Fierce fighting between the Pakistani army and Taliban militants pushed a peace deal in a northwestern region close to collapse and drew warnings of more attacks by the insurgents. Washington and other Western nations have criticized the three-month-old deal in the Malakand region, which is close to Afghanistan. They want Pakistan to crackdown on the insurgents, not talk to them, and are unlikely to mourn if the agreement breaks down.
Pakistan's embattled civilian government may find itself with more public support to fight the extremists if the deal ends.
It could argue it has the moral high ground after offering the militants a compromise in good faith, only to see them reject it. The developments come as Pakistani President Asif Ali Zardari and President Barack Obama prepare to meet later this week in Washington for talks on how to sharpen Islamabad's anti-terror fight. Zardari is expected to ask for more money to help his country's battered economy and under-equipped security forces deal with militants. Under the deal, the government agreed to impose Islamic law in the districts that make up Malakand in hopes the militants would lay down their arms. But the Taliban in Swat, the movement's stronghold, did not disarm and were emboldened, soon entering the adjacent Buner district to impose their harsh brand of Islam.
The proximity of Buner to the capital of Islamabad raised alarms domestically and abroad. Pakistan's military went on the offensive over the past week to drive the Taliban out. On Monday, security forces killed seven insurgents in an attack on a hide-out there, the military said in a statement, bringing to almost 90 the number of insurgents slain since the operations began. Thousands of civilians have fled the region.
The military has so far not extended its campaign into Swat, saying the deal still held there. But in fresh violence in the former tourist region Monday, militants killed one soldier and wounded two others in an attack on a convoy, the statement said. Later Monday the Taliban struck with a spate of attacks in the troubled valley's main city Mingora, officials said. "The militants have launched fresh attacks. Security forces are exchanging fire with them at various places," Swat's top government official Khushal Khan said.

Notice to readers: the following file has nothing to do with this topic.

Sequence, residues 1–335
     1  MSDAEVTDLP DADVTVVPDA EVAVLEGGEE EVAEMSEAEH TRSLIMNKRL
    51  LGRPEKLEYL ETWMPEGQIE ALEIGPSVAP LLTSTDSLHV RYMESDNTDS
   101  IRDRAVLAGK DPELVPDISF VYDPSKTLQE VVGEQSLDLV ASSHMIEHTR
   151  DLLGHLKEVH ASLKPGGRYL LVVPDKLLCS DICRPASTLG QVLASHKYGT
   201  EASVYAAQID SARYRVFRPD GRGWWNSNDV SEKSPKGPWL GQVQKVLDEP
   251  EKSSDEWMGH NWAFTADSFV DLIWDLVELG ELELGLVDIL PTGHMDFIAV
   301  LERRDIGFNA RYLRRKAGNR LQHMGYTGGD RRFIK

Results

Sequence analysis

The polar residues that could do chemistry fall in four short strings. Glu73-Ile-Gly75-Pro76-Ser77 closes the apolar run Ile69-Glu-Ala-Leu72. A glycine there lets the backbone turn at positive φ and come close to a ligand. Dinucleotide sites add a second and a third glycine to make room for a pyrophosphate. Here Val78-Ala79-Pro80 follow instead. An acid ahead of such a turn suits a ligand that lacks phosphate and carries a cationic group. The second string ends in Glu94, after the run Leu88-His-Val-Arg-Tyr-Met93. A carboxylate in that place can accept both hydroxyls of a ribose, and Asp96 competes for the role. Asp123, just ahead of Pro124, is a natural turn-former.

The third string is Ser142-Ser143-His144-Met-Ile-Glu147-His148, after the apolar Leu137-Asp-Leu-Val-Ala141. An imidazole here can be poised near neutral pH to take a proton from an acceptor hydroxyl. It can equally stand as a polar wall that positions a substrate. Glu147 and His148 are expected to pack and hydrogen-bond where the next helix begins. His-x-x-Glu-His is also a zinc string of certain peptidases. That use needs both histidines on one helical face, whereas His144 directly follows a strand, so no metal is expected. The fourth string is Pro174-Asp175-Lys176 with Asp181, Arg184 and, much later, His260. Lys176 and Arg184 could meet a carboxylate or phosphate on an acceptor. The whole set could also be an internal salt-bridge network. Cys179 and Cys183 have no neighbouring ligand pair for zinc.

Militants blew up a police station that had already been vacated by officers in anticipation of an attack, police official Liaqat Khan said.
Another police station was targeted but officers repelled the insurgents, he said. Security forces were also engaged with militants at a military base. No casualty figures were immediately available.
Northwest Frontier Province Information Minister Mian Iftikhar Hussain, who helped negotiate the peace pact and had been one of its strongest defenders, pledged to fight the militants. "We set up Islamic courts, we gave them Islamic judges, yet they do not accept this. They have some other agenda," said Hussain. "We will fight them and, God willing, these handful of miscreants will be defeated and the nation will prevail."
Taliban spokesman Muslim Khan claimed responsibility for the convoy attack saying it was in response to the alleged strengthening of military positions in the region in violation of the peace deal. "Why do you think we should remain silent if they come heavy on us? ... We will attack them too," he told The Associated Press. Mahmood Shah, a former chief of security in Pakistan and now a military analyst, said the deal was all but over. "It is about to die its natural death. The government is left with no option but to use force now. The militants have exposed themselves. They are not interested in peace."